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Global Aviation Industry Could See Over 500,000 Job Losses in 2020
Over 350,000 aviation jobs have been cut over the past six months. Over 25,000 jobs are expected to cut through the end of the year, and an additional 95,000 jobs are in jeopardy, Crain’s Business reports, potentially putting aviation-related job losses around 470,000 or higher by the end of 2020.
Around 220,700 jobs so far have been lost at airlines. Just over 60,000 have been lost at aircraft manufacturers. An additional 46,500 job losses are associated with airline servicing, and close to 30,000 have been lost at airports.
Over 80% of job losses have been in Europe and North America, home to some of the world’s largest airlines – especially in terms of long-haul international traffic, the sector hit hardest by the coronavirus crisis – and largest manufacturers, Airbus and Boeing, which have seen orders and delivers plummet as demand for seats bottomed out.
In the U.S., job losses could continue to climb throughout 2020’s winter season if the government is unable to extend payroll support past the current Sept. 30 program end date. Airlines are already planning to furlough or lay off tens of thousands of workers after Oct. 1.
Projections come as job losses remain high amid the coronavirus-induced travel dropoff that saw flights run nearly empty for months during the second quarter of the year. The International Air Transport Association (IATA) says passenger traffic was down almost 80% in July compared to 2019 numbers, signaling that there is still a long way to go before there is enough demand to support job growth.
IATA expects that airlines will lose a collective $100 billion this year and next. The body also says that passenger counts may not return to pre-COVID levels until 2024, signaling that many furloughs may stretch on for years.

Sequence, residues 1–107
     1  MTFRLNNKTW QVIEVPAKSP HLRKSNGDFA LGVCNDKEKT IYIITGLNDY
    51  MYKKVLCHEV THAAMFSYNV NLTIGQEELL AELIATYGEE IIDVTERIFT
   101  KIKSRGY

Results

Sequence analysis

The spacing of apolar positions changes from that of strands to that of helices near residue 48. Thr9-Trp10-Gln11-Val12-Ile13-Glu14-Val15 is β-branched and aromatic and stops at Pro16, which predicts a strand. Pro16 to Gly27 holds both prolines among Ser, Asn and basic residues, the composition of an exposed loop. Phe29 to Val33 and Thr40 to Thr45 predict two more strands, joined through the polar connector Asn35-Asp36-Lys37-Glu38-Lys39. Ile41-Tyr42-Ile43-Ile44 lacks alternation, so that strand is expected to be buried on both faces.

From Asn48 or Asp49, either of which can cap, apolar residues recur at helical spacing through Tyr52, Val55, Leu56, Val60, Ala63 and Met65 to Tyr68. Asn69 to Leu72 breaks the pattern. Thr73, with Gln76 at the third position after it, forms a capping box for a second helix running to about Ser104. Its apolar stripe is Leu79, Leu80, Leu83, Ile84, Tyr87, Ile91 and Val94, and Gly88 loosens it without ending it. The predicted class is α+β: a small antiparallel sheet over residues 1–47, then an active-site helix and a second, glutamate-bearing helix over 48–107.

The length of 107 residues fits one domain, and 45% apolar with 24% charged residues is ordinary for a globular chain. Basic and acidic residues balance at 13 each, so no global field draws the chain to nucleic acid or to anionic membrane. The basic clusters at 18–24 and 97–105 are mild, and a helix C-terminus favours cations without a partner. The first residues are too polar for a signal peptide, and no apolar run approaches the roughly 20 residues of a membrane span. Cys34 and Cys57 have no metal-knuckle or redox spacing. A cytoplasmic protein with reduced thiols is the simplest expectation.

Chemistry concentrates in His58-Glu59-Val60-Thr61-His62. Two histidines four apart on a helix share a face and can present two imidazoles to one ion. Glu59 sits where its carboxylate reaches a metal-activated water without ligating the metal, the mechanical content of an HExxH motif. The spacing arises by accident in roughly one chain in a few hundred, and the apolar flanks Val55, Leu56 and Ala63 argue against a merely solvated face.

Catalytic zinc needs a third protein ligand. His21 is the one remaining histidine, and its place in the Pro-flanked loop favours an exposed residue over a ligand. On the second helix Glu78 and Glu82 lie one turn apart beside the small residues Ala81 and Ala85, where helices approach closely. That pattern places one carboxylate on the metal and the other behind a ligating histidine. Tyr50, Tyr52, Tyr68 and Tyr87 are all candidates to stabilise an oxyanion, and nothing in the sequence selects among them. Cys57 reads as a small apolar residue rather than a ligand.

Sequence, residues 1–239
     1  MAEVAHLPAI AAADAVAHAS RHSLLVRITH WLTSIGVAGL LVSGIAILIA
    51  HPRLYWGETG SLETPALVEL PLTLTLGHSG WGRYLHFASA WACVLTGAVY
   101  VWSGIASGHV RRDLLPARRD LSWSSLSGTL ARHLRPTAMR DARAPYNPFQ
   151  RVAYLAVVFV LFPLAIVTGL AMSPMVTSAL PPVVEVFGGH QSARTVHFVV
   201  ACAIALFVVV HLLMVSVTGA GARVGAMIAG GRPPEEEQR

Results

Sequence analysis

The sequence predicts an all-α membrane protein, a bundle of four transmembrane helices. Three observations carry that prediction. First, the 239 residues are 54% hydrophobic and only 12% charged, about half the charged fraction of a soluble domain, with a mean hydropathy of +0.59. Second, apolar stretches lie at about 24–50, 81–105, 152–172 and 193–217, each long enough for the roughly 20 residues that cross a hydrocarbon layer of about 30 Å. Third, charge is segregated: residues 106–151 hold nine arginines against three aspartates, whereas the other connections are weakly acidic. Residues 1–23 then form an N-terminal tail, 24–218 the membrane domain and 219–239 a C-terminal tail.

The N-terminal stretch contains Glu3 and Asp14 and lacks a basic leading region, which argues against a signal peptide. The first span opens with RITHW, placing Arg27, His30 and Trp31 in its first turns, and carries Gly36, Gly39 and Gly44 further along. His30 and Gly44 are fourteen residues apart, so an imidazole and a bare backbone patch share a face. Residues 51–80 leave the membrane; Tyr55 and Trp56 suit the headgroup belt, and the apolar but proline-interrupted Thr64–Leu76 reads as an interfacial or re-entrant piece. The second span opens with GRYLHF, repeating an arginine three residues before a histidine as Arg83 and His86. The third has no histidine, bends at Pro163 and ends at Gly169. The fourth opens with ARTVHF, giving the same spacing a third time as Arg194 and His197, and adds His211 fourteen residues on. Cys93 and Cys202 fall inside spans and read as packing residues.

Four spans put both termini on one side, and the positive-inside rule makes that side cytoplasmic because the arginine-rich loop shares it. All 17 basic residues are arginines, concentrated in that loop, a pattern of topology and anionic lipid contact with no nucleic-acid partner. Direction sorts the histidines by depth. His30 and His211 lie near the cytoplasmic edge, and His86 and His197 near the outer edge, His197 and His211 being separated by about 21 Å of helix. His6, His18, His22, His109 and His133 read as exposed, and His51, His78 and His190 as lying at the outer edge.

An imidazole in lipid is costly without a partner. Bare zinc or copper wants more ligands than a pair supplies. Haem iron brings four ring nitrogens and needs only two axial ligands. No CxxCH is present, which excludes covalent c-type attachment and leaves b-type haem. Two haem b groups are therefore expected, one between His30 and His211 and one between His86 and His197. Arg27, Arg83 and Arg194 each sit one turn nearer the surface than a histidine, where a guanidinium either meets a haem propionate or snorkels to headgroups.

“This crisis is wreaking huge long-term damage on the aviation industry,” said Rowland Hayler, a co-founder at aviation consulting group Five Aero, per Crain’s. “Given the importance of the sector in supporting all sorts of other businesses, the job losses are also a disaster for the wider economy.”
While U.S. airlines managed to secure payroll funding fairly early, carriers in other parts of the world have faced more restrictions, greater limits on bailouts or been forced to survive longer without funds. The Canadian government has completely neglected to offer airlines any money past what is available to all businesses to protect jobs.
Airlines around the world have been taking measures once considered drastic to encourage traveling, which in turn protects jobs, as much as possible. This past weekend, U.S. carriers announced they will eliminate all change fees on domestic – and certain international – services, offering passengers more flexibility in hopes that dropping the fees will boost public perception of aviation and hopefully encourage more to book tentative travel plans.
Governments have also taken recent moves to protect airlines, some for the first time. Colombia’s government offered its flag carrier, Avianca, $370 million as part of a restructuring. The UAE’s government gave Emirates $2 billion to help the airline stay afloat and continue to pay workers.
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